VATICAN CITY, JAN. 28, 2001 (Zenit.org).-
Only a week after naming 37 new cardinals, John Paul II today announced five more princes of the Church, as well as two appointments he made secretly in 1998.
At noon the smiling Pope made the surprise announcement from his studio window overlooking St. Peter´s Square. Without further explanation, he said that “for different reasons” he did not publish their names last week.
The five new cardinals comprise two from Germany and one each from South Africa, Bolivia and Ukraine. The two named secretly — “in pectore” — are from Ukraine and Latvia.
One is Latin-rite Archbishop Marian Jaworski of Lviv, Ukraine, 74. A theologian and man of great spirituality, he has been the Latin archbishop of Lviv since 1991, and a personal friend of Karol Wojtyla since they were young priests. When he comes to Rome, he stays in the apartment above the Pope´s.
The other “in pectore” cardinal is Archbishop Janis Pujats of Riga, Latvia. Latvia is a country of fewer than 2.5 million inhabitants, whose 400,000 Catholics kept the faith despite annexation to the Soviet Union and the ensuing persecutions.
Archbishop Pujats will be 71 in November. He has been a priest since 1951, and has headed the Diocese of Riga for a decade.
The Holy Father explained that on Jan. 21 he also had “in pectore” — in his heart — the names of the other five bishops whom today he designated to be made cardinals next month.
These five are:
—Eastern-rite Archbishop Lubomyr Husar of Lviv, leader of the Greek-Catholics, who suffered Stalin´s harshest persecutions. Archbishop Husar is the only one of the 44 cardinals-to-be singled out for a personal comment by the Pope.
“In his person,” the Holy Father said, “as in that of the prelates mentioned earlier, I try to honor the respective Churches, which, especially in the course of the 20th century, were severely tried and have offered the world an example of so many Christian men and women who have known how to witness to their faith in the midst of sufferings of all kinds, often culminating with the sacrifice of their life.”
Archbishop Husar succeeds Cardinal Miroslav Ivan Lubachivski, who died at 86 on Dec. 14, and was the leader of the rebirth of Greek-Catholics after this Church recovered its liberty under perestroika. The Pope is due to visit Ukraine in June.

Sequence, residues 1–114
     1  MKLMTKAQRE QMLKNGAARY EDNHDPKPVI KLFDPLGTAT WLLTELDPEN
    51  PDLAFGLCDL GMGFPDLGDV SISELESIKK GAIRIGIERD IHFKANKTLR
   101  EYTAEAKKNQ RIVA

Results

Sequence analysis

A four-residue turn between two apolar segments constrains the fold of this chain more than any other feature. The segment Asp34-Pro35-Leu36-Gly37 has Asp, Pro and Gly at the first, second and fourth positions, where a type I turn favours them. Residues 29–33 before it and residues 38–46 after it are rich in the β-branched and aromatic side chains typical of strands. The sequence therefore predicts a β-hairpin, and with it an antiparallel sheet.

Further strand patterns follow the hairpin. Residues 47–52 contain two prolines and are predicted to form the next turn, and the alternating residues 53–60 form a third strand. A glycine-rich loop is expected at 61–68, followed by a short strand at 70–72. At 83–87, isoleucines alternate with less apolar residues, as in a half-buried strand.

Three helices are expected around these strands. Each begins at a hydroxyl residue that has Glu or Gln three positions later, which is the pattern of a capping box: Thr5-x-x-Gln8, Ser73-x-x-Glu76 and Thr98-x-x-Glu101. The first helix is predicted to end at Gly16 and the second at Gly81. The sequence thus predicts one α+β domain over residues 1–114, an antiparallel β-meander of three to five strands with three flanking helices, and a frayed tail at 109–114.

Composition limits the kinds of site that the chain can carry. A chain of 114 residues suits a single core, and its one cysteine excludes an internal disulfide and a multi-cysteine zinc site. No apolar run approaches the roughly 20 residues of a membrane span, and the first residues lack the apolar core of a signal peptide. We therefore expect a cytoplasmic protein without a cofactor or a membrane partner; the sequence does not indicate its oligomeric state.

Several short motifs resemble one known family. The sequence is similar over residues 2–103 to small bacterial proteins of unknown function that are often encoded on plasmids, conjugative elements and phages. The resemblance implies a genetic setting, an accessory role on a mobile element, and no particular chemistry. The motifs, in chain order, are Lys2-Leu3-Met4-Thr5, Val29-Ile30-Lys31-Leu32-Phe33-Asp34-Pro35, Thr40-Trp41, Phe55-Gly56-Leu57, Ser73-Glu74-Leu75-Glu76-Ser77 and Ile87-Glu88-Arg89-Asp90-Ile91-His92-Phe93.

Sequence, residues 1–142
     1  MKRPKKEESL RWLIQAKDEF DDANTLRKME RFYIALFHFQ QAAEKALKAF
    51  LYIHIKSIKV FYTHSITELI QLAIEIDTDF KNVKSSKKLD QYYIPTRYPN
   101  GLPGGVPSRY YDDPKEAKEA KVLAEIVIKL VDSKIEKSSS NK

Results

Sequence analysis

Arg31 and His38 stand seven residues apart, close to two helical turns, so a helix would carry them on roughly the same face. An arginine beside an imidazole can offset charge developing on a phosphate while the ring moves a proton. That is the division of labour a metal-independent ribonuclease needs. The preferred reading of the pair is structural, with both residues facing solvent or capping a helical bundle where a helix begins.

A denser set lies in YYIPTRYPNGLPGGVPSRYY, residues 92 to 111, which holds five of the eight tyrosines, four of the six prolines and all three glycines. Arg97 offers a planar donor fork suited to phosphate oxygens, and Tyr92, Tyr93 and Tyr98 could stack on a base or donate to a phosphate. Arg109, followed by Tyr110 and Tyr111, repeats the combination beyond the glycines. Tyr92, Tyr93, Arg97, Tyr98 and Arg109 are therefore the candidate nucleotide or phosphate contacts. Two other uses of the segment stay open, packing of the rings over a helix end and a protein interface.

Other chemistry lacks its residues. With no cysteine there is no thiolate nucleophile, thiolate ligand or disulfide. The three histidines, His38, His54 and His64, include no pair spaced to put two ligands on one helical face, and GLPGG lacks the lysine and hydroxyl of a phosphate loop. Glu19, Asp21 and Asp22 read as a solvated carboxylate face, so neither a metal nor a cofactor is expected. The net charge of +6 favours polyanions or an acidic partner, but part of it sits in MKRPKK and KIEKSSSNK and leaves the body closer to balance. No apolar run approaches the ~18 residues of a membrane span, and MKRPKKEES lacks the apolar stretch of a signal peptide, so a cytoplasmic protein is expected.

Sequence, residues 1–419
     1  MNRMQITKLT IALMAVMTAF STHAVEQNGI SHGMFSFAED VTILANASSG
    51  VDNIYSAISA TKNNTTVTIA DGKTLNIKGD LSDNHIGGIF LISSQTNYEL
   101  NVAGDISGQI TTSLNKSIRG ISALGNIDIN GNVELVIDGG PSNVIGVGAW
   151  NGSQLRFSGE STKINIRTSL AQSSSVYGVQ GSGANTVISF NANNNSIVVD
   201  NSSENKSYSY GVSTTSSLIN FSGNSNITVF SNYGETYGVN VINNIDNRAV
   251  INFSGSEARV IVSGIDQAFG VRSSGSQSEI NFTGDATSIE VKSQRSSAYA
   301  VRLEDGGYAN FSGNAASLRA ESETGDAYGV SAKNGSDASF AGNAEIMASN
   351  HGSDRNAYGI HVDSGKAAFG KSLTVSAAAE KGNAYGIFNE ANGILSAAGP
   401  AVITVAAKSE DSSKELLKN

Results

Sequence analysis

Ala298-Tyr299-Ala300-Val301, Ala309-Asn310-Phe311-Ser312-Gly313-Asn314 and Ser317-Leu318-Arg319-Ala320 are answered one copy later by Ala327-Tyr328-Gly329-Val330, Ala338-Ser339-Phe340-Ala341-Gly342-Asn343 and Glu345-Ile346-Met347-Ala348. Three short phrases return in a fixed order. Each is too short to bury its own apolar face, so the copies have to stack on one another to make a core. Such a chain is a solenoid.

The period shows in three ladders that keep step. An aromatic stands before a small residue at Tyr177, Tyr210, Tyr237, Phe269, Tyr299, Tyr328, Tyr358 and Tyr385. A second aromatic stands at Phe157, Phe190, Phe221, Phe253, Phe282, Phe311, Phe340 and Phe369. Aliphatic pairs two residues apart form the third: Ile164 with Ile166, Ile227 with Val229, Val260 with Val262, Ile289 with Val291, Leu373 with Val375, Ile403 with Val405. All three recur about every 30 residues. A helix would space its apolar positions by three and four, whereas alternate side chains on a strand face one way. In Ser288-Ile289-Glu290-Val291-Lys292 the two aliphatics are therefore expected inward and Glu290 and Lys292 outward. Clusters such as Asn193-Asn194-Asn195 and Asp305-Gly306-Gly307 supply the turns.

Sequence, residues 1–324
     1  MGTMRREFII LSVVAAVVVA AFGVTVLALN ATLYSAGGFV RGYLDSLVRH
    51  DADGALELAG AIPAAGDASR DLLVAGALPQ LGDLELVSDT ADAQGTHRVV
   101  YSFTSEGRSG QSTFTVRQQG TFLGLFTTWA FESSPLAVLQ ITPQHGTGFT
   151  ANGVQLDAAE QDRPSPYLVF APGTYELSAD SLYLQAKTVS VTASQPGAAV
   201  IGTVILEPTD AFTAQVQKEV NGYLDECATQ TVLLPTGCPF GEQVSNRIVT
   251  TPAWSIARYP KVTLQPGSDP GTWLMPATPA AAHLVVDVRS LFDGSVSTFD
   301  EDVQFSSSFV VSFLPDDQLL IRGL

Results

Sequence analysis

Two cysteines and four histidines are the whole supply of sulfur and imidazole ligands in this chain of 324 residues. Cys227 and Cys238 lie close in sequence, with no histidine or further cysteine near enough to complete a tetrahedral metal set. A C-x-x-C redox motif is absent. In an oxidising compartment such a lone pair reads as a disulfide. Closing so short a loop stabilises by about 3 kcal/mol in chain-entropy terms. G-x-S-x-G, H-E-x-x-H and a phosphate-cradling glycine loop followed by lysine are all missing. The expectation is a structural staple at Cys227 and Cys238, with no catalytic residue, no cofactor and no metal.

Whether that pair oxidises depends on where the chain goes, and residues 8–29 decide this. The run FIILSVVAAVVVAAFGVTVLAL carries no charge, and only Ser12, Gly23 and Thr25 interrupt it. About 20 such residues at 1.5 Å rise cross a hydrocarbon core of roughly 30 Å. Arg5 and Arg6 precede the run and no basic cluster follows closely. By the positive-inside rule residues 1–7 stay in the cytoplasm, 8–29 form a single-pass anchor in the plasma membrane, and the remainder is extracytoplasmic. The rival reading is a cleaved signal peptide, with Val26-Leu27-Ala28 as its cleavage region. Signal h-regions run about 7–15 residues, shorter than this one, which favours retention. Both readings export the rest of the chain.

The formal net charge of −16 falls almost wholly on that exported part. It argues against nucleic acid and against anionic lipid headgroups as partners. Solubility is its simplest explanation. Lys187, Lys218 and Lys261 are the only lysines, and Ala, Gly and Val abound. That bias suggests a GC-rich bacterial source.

—Archbishop Julio Terrazas Sandoval of Santa Cruz de la Sierra, 64, president of the Bolivian bishops´ conference. He increases to 11 the number of Latin American cardinals who will be created in the consistory Feb. 21.
—Archbishop Wilfrid Fox Napier of Durban, South Africa, who will be 60 in March. Archbishop Napier, a Franciscan, was president of the South African Conference of Bishops in the critical years when the country abolished apartheid (1987-1994) and elected its first black president, Nelson Mandela.
During that time, the archbishop was one of the country´s great heralds of human rights. Since 1998 Archbishop Napier has been consultor of the Vatican Congregation for the Evangelization of Peoples.
—Bishop Karl Lehmann of Mainz, 64, president of the German bishops´ conference. In recent years he sought John Paul II´s decision on the delicate question of assistance in Catholic Consultation Centers to pregnant women contemplating abortion. The centers granted a certificate, which indirectly became the necessary requisite for women to obtain legal abortions. This practice stirred controversy among Catholics, leading Archbishop Lehmann to submit the issue to the Holy See.
—Archbishop Johannes Joachim Degenhardt of Paderborn, 74. He has given public testimony of his support for John Paul II´s magisterium, maintaining an extremely clear position in defense of innocent life.
The back-to-back weekly announcements were a first for John Paul II. He acknowledged he was breaking the limit of 120 cardinal-electors set by Paul VI. As of the Feb. 21 consistory, the Church will have 135 possible participants in a conclave to elect a new pope.